Amawalk Friends Meeting House
Backstory and Context
Also known as Quakers, members of the Society of Friends have been meeting in Amawalk since about 1760. Records indicate that a meeting on "Cortlands Manor" was active in 1767. Five years later this congregation requested and received permission to build a meeting house, which was completed in 1773. In 1779 this meeting house was destroyed by fire, and it was replaced by a new building that was finished by 1787. During the Separation 1827, when Quaker congregations split into Orthodox and Hicksite factions, the Amawalk Friends sides with the Hicksite faction. The Hicksite Friends "emphasized the role of the Inward Light in guiding individual faith and conscience."
The second meeting house used by the Amawalk Friends was destroyed by fire on December 14, 1830. A third meeting house was reported completed on August 12, 1831, at a cost of $1,272.94. This frame structure, which has changed little since its completion, still stands today, and reflects the simplicity of design favored by the Society of Friends. The building features two separate entrances, which were originally separate entrances for men and women. These doors are approached via a porch that was likely added in the middle of the 19th century. The cloakroom and privy at the west end of the building were also probably added in the mid-1800s. The interior of the meeting house features a large meeting space on the first floor and a second-floor gallery. The older of the two wood-burning stoves in the meeting space was purchased in 1888. Typical of a traditional Quaker meeting house, the meeting space has no sanctuary or altar.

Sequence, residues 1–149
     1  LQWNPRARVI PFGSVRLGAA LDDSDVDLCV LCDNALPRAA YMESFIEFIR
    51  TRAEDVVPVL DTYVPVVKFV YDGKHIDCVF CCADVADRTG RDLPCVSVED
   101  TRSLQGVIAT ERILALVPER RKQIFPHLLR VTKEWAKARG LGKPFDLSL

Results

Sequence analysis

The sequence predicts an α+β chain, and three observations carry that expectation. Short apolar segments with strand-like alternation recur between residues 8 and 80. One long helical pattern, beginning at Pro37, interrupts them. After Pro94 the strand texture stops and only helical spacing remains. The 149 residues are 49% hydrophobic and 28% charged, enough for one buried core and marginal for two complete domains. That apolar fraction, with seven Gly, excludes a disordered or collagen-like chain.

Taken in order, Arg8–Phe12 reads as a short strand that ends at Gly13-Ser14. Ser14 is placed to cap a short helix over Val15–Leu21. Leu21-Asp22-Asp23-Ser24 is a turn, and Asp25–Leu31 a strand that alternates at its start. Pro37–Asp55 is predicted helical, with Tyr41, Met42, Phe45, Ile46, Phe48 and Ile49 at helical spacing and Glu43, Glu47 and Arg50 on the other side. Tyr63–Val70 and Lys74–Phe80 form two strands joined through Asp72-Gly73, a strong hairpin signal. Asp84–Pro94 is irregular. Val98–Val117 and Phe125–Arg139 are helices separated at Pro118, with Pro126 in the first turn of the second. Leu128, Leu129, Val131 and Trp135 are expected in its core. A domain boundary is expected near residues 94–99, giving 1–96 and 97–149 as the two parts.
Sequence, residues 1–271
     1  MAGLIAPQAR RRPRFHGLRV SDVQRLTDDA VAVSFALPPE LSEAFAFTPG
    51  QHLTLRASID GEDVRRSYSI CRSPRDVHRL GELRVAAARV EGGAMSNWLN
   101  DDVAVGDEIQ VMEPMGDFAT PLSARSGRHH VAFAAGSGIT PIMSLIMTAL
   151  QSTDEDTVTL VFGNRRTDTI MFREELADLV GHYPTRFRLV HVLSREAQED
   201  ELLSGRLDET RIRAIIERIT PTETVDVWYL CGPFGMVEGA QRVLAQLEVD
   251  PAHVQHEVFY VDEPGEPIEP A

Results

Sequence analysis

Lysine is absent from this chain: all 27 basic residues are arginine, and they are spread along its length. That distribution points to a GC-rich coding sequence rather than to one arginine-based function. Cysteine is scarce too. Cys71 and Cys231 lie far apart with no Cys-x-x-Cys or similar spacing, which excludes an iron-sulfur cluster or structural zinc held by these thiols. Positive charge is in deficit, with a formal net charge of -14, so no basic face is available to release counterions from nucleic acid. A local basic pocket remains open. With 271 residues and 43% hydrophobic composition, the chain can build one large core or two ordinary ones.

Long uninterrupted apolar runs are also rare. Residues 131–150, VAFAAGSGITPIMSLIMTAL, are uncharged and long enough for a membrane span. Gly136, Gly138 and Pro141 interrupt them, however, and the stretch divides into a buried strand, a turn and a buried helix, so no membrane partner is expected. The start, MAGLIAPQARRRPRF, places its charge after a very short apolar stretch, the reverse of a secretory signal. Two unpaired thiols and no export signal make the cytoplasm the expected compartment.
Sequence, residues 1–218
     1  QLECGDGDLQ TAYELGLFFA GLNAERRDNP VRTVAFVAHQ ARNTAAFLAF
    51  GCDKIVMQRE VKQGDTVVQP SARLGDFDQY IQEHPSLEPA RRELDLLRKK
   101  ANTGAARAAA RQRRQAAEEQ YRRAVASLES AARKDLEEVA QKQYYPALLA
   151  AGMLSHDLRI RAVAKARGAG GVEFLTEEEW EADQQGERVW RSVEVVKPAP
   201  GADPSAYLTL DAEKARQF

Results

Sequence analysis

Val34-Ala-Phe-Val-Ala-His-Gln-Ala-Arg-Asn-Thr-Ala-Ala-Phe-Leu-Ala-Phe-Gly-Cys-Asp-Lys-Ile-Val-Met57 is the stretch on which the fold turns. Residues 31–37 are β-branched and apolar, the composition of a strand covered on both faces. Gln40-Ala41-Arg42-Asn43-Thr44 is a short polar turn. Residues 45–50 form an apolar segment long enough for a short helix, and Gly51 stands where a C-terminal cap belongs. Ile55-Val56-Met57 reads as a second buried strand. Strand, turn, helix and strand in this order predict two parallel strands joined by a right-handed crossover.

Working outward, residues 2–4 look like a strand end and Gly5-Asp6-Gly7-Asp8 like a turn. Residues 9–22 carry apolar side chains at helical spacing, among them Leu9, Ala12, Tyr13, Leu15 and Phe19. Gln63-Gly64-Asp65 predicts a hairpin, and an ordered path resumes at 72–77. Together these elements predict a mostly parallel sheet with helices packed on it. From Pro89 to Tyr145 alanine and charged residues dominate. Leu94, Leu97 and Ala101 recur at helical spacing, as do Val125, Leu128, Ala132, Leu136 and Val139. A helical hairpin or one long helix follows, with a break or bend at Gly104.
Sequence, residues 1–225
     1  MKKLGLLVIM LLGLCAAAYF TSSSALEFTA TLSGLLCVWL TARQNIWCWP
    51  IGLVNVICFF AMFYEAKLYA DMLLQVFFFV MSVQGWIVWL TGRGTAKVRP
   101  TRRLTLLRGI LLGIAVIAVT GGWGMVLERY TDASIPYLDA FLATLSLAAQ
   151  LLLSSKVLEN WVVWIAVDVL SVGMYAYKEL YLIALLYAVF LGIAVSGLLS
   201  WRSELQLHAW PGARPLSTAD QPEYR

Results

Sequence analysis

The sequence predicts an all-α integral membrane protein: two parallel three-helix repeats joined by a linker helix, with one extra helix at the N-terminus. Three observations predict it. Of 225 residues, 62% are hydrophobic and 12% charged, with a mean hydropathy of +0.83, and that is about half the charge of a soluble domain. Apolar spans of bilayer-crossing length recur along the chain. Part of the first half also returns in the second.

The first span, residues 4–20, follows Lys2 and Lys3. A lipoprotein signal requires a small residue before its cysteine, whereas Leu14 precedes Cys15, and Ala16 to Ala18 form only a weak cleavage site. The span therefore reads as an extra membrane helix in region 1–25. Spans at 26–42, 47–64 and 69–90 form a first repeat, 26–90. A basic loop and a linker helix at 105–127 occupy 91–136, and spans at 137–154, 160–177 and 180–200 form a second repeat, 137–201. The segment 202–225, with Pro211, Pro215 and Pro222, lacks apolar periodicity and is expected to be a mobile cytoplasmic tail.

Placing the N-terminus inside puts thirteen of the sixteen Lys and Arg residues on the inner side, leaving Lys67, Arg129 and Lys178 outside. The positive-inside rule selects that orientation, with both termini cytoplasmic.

Behind the meeting house is a burial ground that was first used by the Amawalk Friends in the 18th century. The majority of the tombstones in the burial ground are simple, and contain little information beyond the deceased's name and dates of birth and death. The larger Amawalk Hill Cemetery to the west and Carpenter Side Hill Cemetery to the north are not part of the Amawalk Friends Meeting House property, which comprises 2.9 acres. Perhaps the most well-known person interred in the Friends burial ground is war photographer Robert Capa, whose grave is located near the western boundary of the property.
The Amawalk Friends Meeting experienced a great amount of growth during the 1970s and 1980s, and as a result the congregation built a First Day School south of the meeting house. The school building was completed in 1987. The Amawalk Friends Meeting House was added to the National Register of Historic Places in 1989.
Ferguson, Val. A Brief History of the Branches of Friends, Quaker Information Center. Accessed May 14th 2020. https://quakerinfo.org/quakerism/branches/history.
Williams, Gray. Picturing Our Past: National Register Sites in Westchester County. Elmsford, N.Y.. Westchester County Historical Society, 2003.